“When I decided to enter into farming and left my job in design in the city my friends show a snobbish behavior to me.” – A female farmer, Cyprus. Career transition from designer (in Nicosia) to cut-flower farmer.


Island effect

Described as the “island effect”, some aspects of culture (e.g., linguistic) are maintained longer than on the mainland, due to peculiarities in the island’s identity. Our results revealed strong support that islands’ “smallness,” “economic boundedness” and “belonging” make farming on islands particular compared to the mainland.

Regarding “smallness”, short rural-urban distances on small islands provide a unique opportunity to benefit from both urban and rural life-style advantages, and experience dual careers in life: farmer in the rural location, and officer in the urban location of the same island.

The “economic boundedness” of islands was noted within the multifunctional nature of their job market. We found consensus among part-time young farmers on second career intentions aiming to partly mitigate unemployment and decrease risks attached to single occupation in an island.

The islands’ “belonging” was expressed by several young farmers as “land is emotional if you are living on an island” or “island calling”. This strong attachment to the island culture serves to rationalize their return decision.


Conclusions and recommendations

  • The career involvement into farming with planned and predictable career pathways are changing. Unplanned and unpredictable career pathways are a fact among today’s young farmers.
  • Digital communication tools managed by informal actors (e.g., personal social media accounts, blogs, and online social movements) play an essential role in the career inspiration towards a farming career, as well as contribute to career break adaptability.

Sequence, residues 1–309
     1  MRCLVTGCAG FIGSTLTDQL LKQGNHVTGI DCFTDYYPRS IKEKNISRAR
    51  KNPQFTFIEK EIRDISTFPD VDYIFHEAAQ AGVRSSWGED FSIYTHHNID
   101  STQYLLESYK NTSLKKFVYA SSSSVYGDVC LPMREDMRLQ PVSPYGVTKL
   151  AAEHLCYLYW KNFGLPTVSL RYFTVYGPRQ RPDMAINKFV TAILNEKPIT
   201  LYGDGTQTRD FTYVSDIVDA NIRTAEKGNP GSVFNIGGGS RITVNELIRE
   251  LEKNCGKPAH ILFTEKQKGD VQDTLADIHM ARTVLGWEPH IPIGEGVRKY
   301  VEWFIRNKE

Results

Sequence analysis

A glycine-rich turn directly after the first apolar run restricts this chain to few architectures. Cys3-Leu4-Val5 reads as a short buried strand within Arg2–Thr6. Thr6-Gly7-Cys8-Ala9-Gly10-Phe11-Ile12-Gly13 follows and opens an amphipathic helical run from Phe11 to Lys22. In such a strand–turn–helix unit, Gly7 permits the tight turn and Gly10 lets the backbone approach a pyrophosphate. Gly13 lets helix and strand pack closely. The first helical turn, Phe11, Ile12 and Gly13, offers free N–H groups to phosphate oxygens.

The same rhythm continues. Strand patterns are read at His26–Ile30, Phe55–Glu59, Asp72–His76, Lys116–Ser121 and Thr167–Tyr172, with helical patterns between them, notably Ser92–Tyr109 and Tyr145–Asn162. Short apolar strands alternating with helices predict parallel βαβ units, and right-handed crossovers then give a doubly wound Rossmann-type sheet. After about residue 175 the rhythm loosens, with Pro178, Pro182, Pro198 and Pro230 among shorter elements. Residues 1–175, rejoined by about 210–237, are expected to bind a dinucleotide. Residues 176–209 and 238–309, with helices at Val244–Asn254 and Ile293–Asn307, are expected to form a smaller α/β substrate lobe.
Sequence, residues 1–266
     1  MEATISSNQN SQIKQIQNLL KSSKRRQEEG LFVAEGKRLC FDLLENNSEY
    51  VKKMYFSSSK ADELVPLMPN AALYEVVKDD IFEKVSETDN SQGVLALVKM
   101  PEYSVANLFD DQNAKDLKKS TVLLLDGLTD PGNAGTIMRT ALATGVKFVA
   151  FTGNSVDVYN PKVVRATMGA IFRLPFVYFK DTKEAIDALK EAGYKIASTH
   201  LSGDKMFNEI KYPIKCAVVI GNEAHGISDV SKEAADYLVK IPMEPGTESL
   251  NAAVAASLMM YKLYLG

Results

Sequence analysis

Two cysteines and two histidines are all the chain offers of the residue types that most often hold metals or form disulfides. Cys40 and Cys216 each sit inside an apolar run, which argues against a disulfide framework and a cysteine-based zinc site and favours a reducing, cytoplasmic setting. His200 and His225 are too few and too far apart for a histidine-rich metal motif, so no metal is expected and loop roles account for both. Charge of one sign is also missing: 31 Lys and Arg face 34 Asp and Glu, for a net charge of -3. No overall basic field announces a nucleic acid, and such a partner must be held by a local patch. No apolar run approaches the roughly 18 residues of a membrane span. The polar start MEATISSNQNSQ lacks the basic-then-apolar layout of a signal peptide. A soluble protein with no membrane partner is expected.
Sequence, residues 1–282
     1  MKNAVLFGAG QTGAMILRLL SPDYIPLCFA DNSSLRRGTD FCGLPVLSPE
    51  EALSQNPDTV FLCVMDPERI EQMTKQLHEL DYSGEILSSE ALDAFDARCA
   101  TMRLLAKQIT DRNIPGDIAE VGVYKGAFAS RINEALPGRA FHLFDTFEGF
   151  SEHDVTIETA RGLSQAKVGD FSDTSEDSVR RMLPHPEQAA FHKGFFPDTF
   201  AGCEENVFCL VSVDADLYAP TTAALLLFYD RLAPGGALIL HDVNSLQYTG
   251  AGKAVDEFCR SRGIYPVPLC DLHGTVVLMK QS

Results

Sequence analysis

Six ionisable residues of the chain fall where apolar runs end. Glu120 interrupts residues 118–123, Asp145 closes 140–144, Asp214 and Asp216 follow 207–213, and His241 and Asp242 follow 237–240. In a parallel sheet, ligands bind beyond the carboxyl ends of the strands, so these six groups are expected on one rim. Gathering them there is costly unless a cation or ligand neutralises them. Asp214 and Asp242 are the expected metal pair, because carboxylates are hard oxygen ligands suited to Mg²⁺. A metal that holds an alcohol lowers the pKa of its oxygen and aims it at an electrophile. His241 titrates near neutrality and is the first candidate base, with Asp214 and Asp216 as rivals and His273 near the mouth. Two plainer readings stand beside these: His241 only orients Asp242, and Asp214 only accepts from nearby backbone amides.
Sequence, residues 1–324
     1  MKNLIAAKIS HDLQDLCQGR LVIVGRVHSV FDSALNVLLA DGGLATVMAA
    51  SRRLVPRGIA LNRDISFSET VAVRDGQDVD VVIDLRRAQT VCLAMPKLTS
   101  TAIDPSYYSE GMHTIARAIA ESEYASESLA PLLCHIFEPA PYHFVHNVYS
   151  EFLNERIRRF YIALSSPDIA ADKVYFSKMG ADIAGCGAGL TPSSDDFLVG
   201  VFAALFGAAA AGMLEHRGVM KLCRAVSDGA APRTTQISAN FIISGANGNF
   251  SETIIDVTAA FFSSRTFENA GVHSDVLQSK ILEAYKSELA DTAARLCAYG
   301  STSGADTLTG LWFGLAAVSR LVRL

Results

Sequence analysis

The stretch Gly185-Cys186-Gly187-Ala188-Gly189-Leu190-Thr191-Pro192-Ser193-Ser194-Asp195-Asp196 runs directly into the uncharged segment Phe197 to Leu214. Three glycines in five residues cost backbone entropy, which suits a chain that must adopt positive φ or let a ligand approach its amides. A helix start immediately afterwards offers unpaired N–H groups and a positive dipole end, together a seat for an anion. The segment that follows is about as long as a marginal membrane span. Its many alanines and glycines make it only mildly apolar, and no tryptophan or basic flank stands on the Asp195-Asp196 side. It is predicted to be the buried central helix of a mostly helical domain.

• The power of digital media to create farming career inspiration can be considered with more attention by formal actors such as policy-focused professionals, civil society, and front-line practitioners.
  • While young farmers express a sense of pride in their professional identities, they also struggle with the “reputational damage” of the farming profession.
  • To build reputation and credibility of the farming career, communication campaigns (by schools, communities, government and civic society) presenting young farmers’ voices and their sensitivity to environmental-friendly farming practices are needed.
  • Study results revealed strong support that island particularities of “smallness,” “economic boundedness” and “belonging” make farming on islands peculiar compared to the mainland.
  • Touristic EU islands can use the changing nature of career development to their advantage by promoting part-time or full-time farming careers to targeted youth groups such as out-migrated “islanders” for education, and part-time “islanders”.

Recommended further readings

 Unay-Gailhard, İ., Brennan, M. A. (2023). Young farmers in “The New World of Work”: The contribution of new media to the work engagement and professional identities. Rural Sociology. 88(2), 2023, pp. 426–460. https://onlinelibrary.wiley.com/doi/10.1111/ruso.12481

Unay-Gailhard, İ., Simões, F. (2022). Becoming a Young Farmer in the Digital Age—An Island Perspective. Rural Sociology, 87(1):144–85.

https://onlinelibrary.wiley.com/doi/10.1111/ruso.12400

 

Acknowledgement

This study was funded by the EU Horizon 2020 programme, Marie Skłodowska-Curie Global Fellowship (No: 895185). The data collection was supported by the mobility funds of the German Research Foundation (DFG) (No: 433488472), and the EU COST Action Rural NEET Youth Network (No: CA18213).

Ilkay Unay-Gailhard

Ilkay Unay-Gailhard

On Key